*2017 April 4*

After using iterated functions to calculate the amortization formulas, they’ve caught my interest again (no pun intended). This post, unfortunately, will be little more than a list of questions and concerns about iterated functions that I have been posing to myself, aside from one enormously helpful realization.

The thing that I noticed was that there is a whole class of functions that can be easily iterated: functions of the form

\[f(x)=(g\circ h\circ g^{-1})(x)\]

where \(g(x)\) and \(h(x)\) are other functions. Something very special happens when we compose it with itself:

\[f^2(x)=(g\circ h\circ g^{-1}\circ g\circ h\circ g^{-1})(x)\]

The \(g\) and \(g^{-1}\) undo each other and we are left with

\[f^2(x)=(g\circ h\circ h\circ g^{-1})(x)\]

\[f^2(x)=(g\circ h^2\circ g^{-1})(x)\]

In fact, this beautiful property holds for any number of iterations since \(g\) and \(g^{-1}\) undo each other every time $f(x) is iterated:

\[f^n(x)=(g\circ h^n\circ g^{-1})(x)\]

This is incredibly useful, since it allows us to iterate any function of this form, so long as we know how to iterate \(h(x)\). One classic example of the iteration of a function of this type is the right triangle spiral problem. In this problem, one starts off with an isoscles right triangle with unit leg length. Then one constructs another right triangle with one leg of unit length and one leg made of the hypotenuse of the previous triangle. This process is repeated to create more and more triangles, and the problem is to find the length of the longest leg of the *n*th triangle.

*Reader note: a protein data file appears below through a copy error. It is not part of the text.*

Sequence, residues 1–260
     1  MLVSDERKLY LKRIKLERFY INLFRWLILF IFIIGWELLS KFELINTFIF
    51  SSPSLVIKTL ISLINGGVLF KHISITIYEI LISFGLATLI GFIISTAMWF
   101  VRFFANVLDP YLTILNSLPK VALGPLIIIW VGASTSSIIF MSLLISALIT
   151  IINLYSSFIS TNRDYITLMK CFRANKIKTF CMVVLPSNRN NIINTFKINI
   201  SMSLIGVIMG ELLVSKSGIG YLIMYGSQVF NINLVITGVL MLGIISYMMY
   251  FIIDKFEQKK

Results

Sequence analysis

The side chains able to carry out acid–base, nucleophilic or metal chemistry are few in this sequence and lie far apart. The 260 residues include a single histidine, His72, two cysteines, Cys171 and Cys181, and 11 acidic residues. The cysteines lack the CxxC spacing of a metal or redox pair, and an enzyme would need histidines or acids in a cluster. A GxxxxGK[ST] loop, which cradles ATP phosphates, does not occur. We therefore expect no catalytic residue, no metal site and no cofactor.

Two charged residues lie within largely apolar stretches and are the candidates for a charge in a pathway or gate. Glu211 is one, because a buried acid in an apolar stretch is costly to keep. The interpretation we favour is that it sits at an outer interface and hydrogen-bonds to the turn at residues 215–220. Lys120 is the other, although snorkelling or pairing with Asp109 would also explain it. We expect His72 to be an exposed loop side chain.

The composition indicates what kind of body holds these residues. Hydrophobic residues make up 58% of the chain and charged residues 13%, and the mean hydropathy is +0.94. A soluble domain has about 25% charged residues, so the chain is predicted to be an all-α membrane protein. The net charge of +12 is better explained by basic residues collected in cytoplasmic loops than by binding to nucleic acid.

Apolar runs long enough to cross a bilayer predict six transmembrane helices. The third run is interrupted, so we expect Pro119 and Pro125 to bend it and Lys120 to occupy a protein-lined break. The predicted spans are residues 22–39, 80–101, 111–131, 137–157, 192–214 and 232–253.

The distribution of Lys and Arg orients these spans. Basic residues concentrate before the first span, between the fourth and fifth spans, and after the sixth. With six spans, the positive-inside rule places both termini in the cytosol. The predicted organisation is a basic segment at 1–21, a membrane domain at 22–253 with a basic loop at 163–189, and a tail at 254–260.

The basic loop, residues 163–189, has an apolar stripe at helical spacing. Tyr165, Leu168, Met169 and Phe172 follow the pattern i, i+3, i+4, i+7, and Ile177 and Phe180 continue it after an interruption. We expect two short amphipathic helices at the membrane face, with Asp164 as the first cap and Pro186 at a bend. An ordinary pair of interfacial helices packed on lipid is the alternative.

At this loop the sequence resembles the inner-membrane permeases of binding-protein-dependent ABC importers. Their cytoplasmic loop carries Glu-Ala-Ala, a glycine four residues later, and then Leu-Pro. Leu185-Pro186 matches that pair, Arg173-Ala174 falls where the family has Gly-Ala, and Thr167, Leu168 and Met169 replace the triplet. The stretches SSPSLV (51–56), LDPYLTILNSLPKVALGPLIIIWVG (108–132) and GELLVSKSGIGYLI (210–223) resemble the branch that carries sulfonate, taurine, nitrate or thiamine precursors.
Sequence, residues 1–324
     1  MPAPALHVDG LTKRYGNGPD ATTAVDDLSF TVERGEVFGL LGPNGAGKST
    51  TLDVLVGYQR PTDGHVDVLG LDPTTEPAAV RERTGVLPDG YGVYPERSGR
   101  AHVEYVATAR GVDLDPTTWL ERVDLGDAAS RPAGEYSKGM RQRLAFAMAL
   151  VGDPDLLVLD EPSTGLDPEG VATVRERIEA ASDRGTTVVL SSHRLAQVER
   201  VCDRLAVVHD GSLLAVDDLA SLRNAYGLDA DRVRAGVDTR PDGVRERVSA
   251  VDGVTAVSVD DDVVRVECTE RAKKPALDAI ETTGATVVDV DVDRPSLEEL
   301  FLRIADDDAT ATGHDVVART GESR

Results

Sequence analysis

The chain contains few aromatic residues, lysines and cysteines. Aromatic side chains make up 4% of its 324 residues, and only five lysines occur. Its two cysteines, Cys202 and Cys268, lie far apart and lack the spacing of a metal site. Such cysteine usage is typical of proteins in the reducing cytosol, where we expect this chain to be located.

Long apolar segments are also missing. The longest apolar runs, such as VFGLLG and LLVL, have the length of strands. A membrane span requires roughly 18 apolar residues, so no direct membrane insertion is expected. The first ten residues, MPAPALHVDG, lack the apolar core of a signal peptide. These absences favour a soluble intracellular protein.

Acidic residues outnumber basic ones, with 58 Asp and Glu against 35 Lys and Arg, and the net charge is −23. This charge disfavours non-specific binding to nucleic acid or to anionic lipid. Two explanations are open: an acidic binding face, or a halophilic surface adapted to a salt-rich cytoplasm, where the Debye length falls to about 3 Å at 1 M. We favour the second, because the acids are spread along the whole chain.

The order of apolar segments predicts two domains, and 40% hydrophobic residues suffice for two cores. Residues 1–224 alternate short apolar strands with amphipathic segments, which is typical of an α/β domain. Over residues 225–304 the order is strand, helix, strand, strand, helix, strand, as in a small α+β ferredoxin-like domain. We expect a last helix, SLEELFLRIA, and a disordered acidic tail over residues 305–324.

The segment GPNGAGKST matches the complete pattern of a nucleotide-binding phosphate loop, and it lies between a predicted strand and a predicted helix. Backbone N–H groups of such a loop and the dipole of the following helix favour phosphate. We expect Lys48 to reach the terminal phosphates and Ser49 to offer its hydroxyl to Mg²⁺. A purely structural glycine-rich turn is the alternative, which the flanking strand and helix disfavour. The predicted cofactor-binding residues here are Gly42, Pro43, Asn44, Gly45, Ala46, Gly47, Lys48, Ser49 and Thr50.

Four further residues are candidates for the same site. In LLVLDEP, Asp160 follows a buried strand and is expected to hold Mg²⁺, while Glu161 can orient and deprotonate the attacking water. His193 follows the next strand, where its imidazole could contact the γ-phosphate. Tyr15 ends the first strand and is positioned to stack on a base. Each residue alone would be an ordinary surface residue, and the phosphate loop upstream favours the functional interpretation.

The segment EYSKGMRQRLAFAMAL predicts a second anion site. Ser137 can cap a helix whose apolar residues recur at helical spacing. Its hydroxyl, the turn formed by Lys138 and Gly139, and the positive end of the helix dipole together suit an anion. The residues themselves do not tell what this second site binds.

We can see that \(f(1)=1\) easily, and that, by the pythagorean theorem, the leg length of each triangle is the hypotenuse length of the previous triangle. This means that the function mapping each leg length to the leg length of the next triangle is

\[f(x)=\sqrt{x^2+1}\]

and the leg length of the *n*th triangle will be

\[f^{n-1}(1)\]

We can rearrange \(f(x)\) so that it is in the form \[f(x)=(g\circ h\circ g^{-1})(x)\] where \(g(x)=\sqrt{x}\) and \(h(x)=x+1\), so when we iterate \(f(x)\), we will get

\[f^n(x)=\sqrt{x^2+n}\]

because \(h^n(x)=x+n\). Now we can find \(f^{n-1}(1)\):

\[f^{n-1}(1)=\sqrt{n}\]

and the long leg length of the *n*th triangle is given by \(\sqrt n\). Another example is the iteration of the “softplus” function

\[f(x)=\ln(e^x+1)\]

which turns out to be

\[f^n(x)=\ln(e^x+n)\]

since \(\ln\) and \(e^x\) cancel each other, but the *1*s stack up with each iteration.

That’s the development that I’ve made. Here are my questions that have yet to be answered:

It seems that many polynomial functions simply won’t iterate nicely, such as \(f(x)=x^2+1\). How can I determine whether or not a polynomial has an iteration formula, and what are the iteration formulas for the polynomials for which I can do this? If I can’t find iteration formulas for some polynomial functions, can I find fractional iterates?

Rational functions of the form \(f(x)=\frac{ax+b}{cx+d}\) iterate in a really interesting way that seems to be connected somehow to the fibonacci numbers. Can I use this to write an iteration formula for functions of that form?

Some functions, like the function \(f(x)=-x\), seem to not have any half-iterates that don’t involve imaginary numbers. How do I determine the existence of a function’s half-iterate?

One interesting class of functions is the class of

*involutory*functions, or functions that are their own inverses. How many of these functions are there? What are their properties? Are their functions with the property that \(f^3(x)=x\) or \(f^4(x)=x\)?Some functions, when iterated, aren’t perfectly represented by their iteration formula because of discrepancies in domain and range. How can I detect such discrepancies? Can I formulate a general rule?

Are there ways that I can find a large iterate of a function for a specific value without writing it out by hand or finding an iteration formula?

I hope to revisit these topics in later posts.